I am now a medical student at the Temerty Faculty of Medicine. I am very excited about learning to translate the skills I gained as a graduate student to my training as a physician, and to continue my pursuit of science and translation of medical science into clinical practice. My advice for incoming students is to have an open mind and be ready to learn from all those you will meet in this journey. Everyone’s lived experiences are different, and one can gain invaluable insight by listening to other’s stories, whether it be about research, careers, or life. 

 

 

Jesse Joynt, MSc 

My MSc research focused on the epigenetics of diffuse large B-cell lymphoma and testing a novel treatment strategy for patients with relapsed/refractory disease. As an undergraduate, I gained an interest in cancer research by learning just how deep of an impact cancer has on patients and how it affects a vast amount of the population. After beginning my project and shadowing my supervisor in clinic, I had a better understanding of the downstream effects of research which truly made me realize the importance of our project.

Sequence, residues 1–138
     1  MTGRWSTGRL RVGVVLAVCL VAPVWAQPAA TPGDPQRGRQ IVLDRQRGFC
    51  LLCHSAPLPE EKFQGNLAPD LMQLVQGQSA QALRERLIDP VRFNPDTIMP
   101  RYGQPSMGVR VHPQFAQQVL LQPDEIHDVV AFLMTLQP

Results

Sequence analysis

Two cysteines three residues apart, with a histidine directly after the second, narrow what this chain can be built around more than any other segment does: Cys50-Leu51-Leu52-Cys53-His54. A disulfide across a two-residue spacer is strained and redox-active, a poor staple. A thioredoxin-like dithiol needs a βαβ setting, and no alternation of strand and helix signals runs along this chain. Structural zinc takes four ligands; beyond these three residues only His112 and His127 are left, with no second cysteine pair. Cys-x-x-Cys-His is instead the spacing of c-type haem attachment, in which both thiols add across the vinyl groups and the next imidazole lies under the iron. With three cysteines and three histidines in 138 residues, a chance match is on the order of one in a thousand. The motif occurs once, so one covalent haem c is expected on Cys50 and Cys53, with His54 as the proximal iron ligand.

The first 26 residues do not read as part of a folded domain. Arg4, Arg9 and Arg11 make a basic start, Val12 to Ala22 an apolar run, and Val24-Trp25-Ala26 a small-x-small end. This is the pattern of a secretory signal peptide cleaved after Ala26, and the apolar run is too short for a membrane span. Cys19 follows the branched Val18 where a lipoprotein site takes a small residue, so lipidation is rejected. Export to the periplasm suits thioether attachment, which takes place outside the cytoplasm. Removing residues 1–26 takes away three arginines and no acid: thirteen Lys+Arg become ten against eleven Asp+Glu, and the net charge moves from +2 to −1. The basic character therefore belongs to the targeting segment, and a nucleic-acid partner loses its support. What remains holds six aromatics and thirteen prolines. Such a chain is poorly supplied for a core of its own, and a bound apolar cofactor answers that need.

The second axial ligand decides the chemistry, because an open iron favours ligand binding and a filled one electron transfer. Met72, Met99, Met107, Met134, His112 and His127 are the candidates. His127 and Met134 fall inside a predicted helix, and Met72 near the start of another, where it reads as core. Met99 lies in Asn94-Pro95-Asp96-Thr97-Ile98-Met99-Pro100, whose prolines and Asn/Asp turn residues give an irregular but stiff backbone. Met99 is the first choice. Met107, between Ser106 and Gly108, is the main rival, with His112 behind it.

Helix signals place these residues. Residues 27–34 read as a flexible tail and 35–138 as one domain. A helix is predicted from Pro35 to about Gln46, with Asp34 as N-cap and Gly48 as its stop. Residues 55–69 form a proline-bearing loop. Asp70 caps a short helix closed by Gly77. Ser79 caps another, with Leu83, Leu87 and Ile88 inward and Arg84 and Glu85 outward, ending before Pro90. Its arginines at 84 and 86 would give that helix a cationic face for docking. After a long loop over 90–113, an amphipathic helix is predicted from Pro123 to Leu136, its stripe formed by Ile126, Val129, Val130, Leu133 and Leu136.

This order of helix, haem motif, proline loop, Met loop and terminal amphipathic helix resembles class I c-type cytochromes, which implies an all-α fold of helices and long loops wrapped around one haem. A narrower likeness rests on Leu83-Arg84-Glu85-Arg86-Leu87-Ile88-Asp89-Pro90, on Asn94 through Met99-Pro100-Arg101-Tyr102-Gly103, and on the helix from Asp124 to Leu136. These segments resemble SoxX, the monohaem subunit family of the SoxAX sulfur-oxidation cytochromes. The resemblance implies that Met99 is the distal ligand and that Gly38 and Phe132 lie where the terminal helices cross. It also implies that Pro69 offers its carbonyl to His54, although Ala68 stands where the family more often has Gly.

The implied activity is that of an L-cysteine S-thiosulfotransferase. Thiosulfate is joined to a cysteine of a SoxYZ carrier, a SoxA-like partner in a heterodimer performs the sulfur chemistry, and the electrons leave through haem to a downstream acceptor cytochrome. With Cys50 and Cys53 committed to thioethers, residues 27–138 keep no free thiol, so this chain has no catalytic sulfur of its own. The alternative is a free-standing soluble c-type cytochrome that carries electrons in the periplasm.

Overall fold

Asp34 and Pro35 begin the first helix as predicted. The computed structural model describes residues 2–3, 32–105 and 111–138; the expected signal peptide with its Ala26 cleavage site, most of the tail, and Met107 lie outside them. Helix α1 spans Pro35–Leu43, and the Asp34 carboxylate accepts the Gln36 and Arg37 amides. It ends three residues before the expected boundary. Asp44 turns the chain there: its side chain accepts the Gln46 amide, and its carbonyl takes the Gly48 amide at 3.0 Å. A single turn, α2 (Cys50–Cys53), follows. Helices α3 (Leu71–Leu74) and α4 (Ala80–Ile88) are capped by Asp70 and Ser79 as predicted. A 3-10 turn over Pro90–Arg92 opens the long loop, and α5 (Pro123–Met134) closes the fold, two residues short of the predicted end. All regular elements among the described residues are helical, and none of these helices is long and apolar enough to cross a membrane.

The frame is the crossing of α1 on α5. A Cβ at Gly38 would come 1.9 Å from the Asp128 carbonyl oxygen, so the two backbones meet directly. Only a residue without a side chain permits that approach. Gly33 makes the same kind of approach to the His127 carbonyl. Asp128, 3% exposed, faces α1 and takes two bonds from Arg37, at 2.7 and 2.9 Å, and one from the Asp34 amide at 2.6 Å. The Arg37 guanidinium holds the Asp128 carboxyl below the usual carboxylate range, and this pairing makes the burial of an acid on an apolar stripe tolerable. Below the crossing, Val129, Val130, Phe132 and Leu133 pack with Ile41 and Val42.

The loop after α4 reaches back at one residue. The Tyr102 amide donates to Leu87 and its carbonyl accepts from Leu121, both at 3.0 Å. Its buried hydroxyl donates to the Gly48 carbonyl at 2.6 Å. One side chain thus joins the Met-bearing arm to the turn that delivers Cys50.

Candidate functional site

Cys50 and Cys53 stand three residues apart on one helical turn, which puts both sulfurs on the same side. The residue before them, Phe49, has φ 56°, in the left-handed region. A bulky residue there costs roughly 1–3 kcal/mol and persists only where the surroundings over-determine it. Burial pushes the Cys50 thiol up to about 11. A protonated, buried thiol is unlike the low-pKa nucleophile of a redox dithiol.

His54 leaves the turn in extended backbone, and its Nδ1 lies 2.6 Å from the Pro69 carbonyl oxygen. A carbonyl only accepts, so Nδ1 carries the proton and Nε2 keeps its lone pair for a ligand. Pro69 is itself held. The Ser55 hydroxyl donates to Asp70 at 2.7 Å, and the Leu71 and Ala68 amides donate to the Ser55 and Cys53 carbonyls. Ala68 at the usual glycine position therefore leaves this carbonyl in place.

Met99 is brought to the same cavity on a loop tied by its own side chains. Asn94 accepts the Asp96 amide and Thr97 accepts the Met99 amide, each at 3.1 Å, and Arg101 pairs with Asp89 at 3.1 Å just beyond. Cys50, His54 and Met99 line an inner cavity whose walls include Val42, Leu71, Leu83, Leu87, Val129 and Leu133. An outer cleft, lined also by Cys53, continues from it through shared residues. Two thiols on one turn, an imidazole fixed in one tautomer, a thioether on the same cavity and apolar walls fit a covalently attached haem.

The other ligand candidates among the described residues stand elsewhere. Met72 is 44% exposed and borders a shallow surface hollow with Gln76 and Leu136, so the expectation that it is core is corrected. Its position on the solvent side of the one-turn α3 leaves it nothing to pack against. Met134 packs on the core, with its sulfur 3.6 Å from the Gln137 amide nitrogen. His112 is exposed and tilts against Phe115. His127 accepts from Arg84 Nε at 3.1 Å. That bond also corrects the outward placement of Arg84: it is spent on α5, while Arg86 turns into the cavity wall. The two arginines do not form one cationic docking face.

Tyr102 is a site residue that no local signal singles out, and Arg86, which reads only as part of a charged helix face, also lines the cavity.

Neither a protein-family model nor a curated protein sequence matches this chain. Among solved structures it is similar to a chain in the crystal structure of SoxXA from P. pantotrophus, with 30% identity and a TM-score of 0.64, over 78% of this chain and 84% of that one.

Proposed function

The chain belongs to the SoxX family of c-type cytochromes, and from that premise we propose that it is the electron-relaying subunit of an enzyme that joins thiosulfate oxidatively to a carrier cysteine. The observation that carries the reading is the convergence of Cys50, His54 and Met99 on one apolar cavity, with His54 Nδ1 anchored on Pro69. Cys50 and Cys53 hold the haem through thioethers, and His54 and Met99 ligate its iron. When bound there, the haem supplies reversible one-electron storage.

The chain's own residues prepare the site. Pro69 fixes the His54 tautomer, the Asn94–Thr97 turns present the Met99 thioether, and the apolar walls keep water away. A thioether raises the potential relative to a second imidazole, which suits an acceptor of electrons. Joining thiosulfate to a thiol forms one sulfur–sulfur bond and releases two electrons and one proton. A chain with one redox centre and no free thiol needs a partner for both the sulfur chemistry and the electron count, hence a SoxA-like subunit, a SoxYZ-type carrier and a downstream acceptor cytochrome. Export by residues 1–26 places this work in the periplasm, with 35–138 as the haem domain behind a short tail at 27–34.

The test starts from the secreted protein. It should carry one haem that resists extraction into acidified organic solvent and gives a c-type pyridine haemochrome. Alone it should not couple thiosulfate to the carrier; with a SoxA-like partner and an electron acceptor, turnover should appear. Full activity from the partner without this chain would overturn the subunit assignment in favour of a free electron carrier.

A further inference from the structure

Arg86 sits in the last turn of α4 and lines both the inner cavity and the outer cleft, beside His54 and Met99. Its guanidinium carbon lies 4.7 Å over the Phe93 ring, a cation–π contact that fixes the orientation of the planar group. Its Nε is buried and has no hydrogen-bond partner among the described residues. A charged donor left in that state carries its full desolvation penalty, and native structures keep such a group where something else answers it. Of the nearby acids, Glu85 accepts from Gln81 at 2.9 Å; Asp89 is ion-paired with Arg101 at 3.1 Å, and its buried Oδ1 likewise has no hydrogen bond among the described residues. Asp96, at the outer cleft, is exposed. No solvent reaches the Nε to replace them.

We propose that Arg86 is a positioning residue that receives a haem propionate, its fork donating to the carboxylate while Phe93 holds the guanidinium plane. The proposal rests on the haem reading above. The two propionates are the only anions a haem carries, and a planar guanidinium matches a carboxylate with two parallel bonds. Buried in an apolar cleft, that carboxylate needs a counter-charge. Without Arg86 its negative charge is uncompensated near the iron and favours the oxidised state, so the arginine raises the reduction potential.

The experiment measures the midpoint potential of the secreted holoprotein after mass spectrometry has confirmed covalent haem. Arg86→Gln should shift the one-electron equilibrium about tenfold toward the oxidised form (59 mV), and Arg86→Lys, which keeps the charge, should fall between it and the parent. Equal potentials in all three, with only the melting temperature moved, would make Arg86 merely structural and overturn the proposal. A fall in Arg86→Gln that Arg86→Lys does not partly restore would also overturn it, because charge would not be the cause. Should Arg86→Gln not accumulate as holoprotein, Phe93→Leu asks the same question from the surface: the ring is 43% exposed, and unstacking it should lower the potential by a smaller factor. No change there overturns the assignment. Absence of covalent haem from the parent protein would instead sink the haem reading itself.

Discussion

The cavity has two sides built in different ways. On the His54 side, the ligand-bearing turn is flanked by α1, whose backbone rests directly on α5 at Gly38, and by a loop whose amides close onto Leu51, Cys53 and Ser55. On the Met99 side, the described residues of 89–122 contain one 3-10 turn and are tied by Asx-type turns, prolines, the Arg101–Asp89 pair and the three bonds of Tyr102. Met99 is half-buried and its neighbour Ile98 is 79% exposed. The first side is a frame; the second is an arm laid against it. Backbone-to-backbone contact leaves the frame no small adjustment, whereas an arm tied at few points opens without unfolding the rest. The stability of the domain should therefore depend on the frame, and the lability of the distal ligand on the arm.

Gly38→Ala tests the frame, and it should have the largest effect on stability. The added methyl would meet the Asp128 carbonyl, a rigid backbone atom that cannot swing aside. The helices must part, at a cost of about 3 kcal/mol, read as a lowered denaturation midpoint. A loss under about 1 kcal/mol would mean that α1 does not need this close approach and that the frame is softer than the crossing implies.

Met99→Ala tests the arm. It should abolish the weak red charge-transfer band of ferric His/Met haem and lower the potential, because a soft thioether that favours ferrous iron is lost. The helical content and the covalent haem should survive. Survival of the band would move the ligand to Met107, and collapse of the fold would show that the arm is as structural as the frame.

I thoroughly enjoyed my time as IMSSA Co-President and having the opportunity to work with all the outstanding students to create an amazing community, even through a pandemic. From virtual holiday parties to designing online conference halls, it has been a great experience and I am glad to have been a part of it. Other highlights for me were winning the Alan Wu Poster Competition, finally defending my thesis, and of course all the time I spent with friends I made in the lab and my amazing supervisor Dr. Robert Kridel.